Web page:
Peas in Our Time

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First the plowing and, next, the sowing. Then come the flowers, bright and happy. People gather around in anticipation of peas.

This is not new at all. It has been so ever since man learned about digging in the dirt instead of simply chasing beasts that roam here and there atop it. The history of peas may have begun when the first of the peas was broken, shelled, as we have more recently come to describe it.

Destroy the peas

What to do with peas?

"Let us hide the peas," grunted FurMan. "FurWoman, take my splintered war club and dig a hole in the dirt out in front of the cave. Toss the peas into the hole and cover the hole with dirt again. Out of sight - out of mind - out of here with peas."

Into the dirt went peas.

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Flowering of the peas

The gentle rains and the kind sunshine were patient. After a time they had their way. Peas jumped up out of the ground and hoisted pretty flowers to banner their entry into the warring world above. FurMan and FurWoman stopped cracking skulls and stared at the newcomers to their caveyard. All over Cavetown others stopped what they were doing to witness the coming of peas and to enjoy the colorful flowering.

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Battles raged

FurMan began battling with a new war club again. All was back to normal in the world.

Then came the early rains, and the warm sun shone down. Underground, peas were happily at work. Above the ground, the battles raged. More war clubs were splintered. More ground was scratched and dug into. Peas remaining - again forgotten. The fighting went on and on.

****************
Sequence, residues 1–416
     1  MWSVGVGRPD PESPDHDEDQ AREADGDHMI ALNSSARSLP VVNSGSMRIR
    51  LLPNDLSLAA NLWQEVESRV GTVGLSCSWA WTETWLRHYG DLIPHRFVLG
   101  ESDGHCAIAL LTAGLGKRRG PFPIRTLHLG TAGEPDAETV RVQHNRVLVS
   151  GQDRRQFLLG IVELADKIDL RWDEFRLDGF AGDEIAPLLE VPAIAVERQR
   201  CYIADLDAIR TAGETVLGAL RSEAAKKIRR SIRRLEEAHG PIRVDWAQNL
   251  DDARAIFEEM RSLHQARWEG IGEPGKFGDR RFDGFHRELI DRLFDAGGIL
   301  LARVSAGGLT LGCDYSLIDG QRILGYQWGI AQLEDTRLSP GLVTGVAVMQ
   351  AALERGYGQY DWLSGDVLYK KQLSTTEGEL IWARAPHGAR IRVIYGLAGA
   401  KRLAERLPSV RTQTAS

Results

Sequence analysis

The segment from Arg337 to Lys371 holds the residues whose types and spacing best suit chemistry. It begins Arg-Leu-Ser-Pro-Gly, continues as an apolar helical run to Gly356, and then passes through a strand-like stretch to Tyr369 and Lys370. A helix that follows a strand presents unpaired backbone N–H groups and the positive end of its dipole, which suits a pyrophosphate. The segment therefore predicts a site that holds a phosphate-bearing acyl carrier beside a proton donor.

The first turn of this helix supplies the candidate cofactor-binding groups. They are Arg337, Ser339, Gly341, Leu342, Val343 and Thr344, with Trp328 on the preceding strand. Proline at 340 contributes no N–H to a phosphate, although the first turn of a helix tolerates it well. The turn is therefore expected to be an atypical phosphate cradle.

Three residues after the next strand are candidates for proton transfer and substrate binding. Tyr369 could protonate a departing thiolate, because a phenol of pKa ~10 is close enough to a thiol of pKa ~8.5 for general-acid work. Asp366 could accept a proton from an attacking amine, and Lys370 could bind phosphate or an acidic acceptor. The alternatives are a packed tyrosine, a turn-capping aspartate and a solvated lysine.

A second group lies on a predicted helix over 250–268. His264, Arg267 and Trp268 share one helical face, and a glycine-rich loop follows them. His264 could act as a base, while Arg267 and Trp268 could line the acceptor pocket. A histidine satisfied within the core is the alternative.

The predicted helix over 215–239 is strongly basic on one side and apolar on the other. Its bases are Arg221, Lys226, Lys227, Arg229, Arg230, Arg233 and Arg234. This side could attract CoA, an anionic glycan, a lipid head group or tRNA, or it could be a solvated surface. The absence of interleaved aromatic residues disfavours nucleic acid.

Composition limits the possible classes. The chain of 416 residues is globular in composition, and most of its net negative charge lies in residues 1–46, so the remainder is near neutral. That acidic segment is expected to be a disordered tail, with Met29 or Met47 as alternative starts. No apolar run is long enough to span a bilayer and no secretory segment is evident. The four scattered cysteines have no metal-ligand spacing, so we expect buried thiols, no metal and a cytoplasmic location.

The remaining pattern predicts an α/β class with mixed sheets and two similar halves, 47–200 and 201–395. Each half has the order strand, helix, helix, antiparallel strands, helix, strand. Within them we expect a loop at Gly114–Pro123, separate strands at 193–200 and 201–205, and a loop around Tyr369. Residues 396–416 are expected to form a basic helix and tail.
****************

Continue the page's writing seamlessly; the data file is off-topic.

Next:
After the flowering

Peas sprang up here and peas sprang up there, more and more. More rain. More sun. More flowers.

From each flower came green fruit and to each green fruit came rabbits, squirrels, and then FurMan and FurWoman. They had seen Earth's creatures eating the fruits of peas, and they wanted peas for themselves.

Invention

The first cave, that of FurMan and FurWoman, began to deal with living with peas. There was much to be learned. Once learned, the recipe was shared around.

The peas were locally known for a time as to goodness and benefits, but mankind has never been able to keep secrets for very long. Once the lesson was learned, sharing the know-how kept whirling along from cave to cave, region to region.

There is no patent on peas.


Whirled Peas
Whirled Peas | Source

At last

Whirled peas had arrived. All that was left to be done was to teach the recipe to everyone.


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Comments 6 comments

PAINTDRIPS profile image

PAINTDRIPS 14 months ago from Fresno CA

Interesting. Do we war over peas?


drbj profile image

drbj 14 months ago from south Florida

Love your title, Gus, and the whirled peas photo. May you and yours enjoy peas, peace and plenty.


GusTheRedneck profile image

GusTheRedneck 14 months ago from USA Author

Good Doctor BJ (drbj on HubPages) -

Out of interest perhaps, MY title is "Exalted One (or maybe even more than one). Be that as it may be, more than likely a slip of your keyboard, I accept the love and all of the admiration I can get. Whirling the peas was a fun enough deal, but would that I had the skills of "PAINTDRIPS" whose comment preceded your own. I have been having some fun messing around with photos lately, and that pastime is recommended to you as a cure for the whatevers.

Gus:-)))


GusTheRedneck profile image

GusTheRedneck 14 months ago from USA Author

Hi Denise (PAINTDRIPS on HubPages)

In answer to your question, "Yes, humans war over most anything, peas never getting in the way of that - or maybe even causing it." War is known for its destructiveness, but were it not for peas and plenty, there would be nothing around to destroy. Makes a person wonder sometimes if it were not for the one following the other around as they do, maybe we'd have no peas and no wars, either.

Aliud deinde aliud.

Gus :-)))


Maren Morgan M-T profile image

Maren Morgan M-T 14 months ago from Pennsylvania

Amen.


GusTheRedneck profile image

GusTheRedneck 14 months ago from USA Author

Hello Maren Elizabeth (Maren Morgan on HubPages) -

"Amen" is the right word. To some it would seem strange that I found it to be more peaceful back in my military service days than I have in the 50 years since then. Let's hope for the best.

Gus :-)))

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